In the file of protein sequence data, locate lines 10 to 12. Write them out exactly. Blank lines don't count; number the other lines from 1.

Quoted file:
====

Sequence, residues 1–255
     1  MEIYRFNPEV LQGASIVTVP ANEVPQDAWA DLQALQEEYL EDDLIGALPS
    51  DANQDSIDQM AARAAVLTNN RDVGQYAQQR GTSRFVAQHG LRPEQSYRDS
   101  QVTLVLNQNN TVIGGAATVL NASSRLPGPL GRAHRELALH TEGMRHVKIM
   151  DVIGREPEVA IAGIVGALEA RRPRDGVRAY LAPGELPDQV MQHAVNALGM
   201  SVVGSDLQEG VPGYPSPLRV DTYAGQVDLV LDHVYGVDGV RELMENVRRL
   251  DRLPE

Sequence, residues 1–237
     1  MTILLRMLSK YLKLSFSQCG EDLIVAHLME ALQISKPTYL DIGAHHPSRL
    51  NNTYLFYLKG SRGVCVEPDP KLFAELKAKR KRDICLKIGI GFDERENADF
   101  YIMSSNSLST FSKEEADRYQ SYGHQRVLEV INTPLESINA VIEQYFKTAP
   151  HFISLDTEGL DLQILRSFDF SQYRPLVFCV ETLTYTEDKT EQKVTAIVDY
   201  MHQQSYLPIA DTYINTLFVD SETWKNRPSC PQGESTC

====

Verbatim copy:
    51  NNTYLFYLKG SRGVCVEPDP KLFAELKAKR KRDICLKIGI GFDERENADF
   101  YIMSSNSLST FSKEEADRYQ SYGHQRVLEV INTPLESINA VIEQYFKTAP
   151  HFISLDTEGL DLQILRSFDF SQYRPLVFCV ETLTYTEDKT EQKVTAIVDY